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With school districts closed nationwide due to the coronavirus pandemic, a group of California teachers organized a 50-car neighborhood parade to bring students a moment of joy.
On Friday, teachers, administrators and staff members from the San Marcos Unified School District formed the parade with 50 vehicles, driving past the homes of students, who stood outside. With signs in their windows, horns honking and celebratory music blaring, the cars served as a bright spot during a challenging time.
“We were inspired by another school in the midwest that had done something similar and posted about it on social media,” Mandy Bedard, the principal of La Costa Meadows Elementary in Carlsbad, tells Yahoo Lifestyle. “That really sparked the interest for us.”
Teachers in other states have reportedly formed similar parades in Texas, Minnesota and Indiana.
Live-streamed on the school Facebook page, the teachers can be seen plotting their journey from campus. Two educators named Caren Cherveny and Cindy Pacino, spearheaded the effort which took at least eight hours of planning. They analyzed housing developments, apartments and streets to find a path that reached the most students while still maintaining proper social distancing. To practice, Pacino drove the route six times.
“Alright, good morning everybody! Dolphins!” Pacino says in the video, referring to the school’s mascot. “This is the staff. We’re in the parking lot here, wave to everybody! We’re going to be starting our parade route. We’re all coming out to see you everyone, I hope you’re following us live!”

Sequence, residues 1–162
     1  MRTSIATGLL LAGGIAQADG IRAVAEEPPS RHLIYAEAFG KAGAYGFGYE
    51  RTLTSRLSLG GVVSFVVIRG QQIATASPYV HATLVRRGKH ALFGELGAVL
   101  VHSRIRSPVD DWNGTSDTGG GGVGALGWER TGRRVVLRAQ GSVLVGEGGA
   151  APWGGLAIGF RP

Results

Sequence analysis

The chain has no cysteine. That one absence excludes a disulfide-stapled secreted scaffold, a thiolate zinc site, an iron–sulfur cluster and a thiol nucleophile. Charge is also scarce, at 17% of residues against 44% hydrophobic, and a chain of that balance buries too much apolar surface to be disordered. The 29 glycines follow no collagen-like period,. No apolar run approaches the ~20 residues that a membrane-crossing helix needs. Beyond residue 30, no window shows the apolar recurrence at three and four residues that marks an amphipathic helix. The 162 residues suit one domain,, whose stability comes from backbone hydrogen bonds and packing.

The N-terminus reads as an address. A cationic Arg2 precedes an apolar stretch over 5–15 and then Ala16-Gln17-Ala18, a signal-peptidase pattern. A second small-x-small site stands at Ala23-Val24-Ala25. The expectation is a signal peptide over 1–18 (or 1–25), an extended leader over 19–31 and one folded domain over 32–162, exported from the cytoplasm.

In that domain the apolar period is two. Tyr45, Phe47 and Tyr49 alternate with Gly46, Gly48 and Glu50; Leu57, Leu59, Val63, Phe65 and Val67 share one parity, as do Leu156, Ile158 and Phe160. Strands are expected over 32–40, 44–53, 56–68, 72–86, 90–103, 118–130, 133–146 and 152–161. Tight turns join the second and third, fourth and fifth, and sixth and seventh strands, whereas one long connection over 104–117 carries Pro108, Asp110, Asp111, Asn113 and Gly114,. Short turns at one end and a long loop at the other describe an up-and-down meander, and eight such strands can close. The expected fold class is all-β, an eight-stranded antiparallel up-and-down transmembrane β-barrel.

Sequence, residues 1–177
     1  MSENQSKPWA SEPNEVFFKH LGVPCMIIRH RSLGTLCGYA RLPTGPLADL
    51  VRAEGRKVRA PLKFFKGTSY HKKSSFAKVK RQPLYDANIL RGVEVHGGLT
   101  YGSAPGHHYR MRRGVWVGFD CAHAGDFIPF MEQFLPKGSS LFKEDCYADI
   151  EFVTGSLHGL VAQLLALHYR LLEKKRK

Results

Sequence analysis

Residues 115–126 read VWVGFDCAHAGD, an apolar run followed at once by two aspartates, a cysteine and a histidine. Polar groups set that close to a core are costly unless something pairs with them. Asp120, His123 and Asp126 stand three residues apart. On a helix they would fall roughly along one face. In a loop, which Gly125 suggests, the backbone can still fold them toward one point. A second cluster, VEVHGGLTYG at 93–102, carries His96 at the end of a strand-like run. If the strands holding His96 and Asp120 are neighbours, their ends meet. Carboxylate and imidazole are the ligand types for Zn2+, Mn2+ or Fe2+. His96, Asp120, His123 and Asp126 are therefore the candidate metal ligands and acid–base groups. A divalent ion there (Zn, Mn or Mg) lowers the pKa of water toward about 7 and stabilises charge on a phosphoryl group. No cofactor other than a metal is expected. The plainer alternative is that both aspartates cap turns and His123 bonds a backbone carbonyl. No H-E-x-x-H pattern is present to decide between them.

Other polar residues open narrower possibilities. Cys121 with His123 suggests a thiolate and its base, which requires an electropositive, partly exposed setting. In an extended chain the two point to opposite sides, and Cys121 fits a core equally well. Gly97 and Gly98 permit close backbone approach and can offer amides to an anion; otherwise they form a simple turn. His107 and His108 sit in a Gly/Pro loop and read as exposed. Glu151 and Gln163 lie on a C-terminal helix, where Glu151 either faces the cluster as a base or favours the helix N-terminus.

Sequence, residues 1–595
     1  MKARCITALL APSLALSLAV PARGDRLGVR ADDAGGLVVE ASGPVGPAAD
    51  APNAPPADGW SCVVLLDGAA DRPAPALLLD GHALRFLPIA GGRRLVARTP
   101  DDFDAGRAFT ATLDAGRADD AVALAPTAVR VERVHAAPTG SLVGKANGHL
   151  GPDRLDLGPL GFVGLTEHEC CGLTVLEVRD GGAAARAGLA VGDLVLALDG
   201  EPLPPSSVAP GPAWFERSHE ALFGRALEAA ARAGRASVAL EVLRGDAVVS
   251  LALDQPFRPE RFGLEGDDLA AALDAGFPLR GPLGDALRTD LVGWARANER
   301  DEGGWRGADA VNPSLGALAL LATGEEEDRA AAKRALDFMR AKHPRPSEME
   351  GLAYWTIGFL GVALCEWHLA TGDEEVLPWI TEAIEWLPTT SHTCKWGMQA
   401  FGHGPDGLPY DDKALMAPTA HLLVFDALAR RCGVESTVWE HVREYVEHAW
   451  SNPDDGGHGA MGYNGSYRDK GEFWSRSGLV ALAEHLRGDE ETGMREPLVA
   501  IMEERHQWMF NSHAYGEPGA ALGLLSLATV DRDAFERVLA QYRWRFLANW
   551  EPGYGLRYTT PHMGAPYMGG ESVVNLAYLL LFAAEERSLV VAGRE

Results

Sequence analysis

“Look at this line of cars, it’s incredible,” she says. “....Get ready, we’re coming for you!”
Livestreaming the two-hour event allowed as many people as possible to enjoy the parade, while also considering the safety concerns of families who didn’t want to stay outside for too long.
“There were a lot of tears,” Bedard tells Yahoo Lifestyle. “It was a great way to safely connect with our kids and let them know that we love them. It’s a really difficult time, but we’re going to get through this together.”
Cherveny says the parade was an important moment for the teachers, as well. “It's been hard, not only on the kids, but on us as teachers and second family members,” she tells Yahoo Lifestyle. “We’re the continuity for a lot of kids. For some, school is their safe haven. It was important to let them know that we haven’t gone away and we're waiting for them.”
“Seeing our faces was monumental for them,” Pacino tells Yahoo Lifestyle. “And we needed it as teachers. We truly miss them.”
The teachers are now hard at work distributing technology so students can continue learning at home, while also implementing a distance-learning plan.
“What took place yesterday is a demonstration of our community,” says Bedard. “We are a family and we're all here to support each other.”
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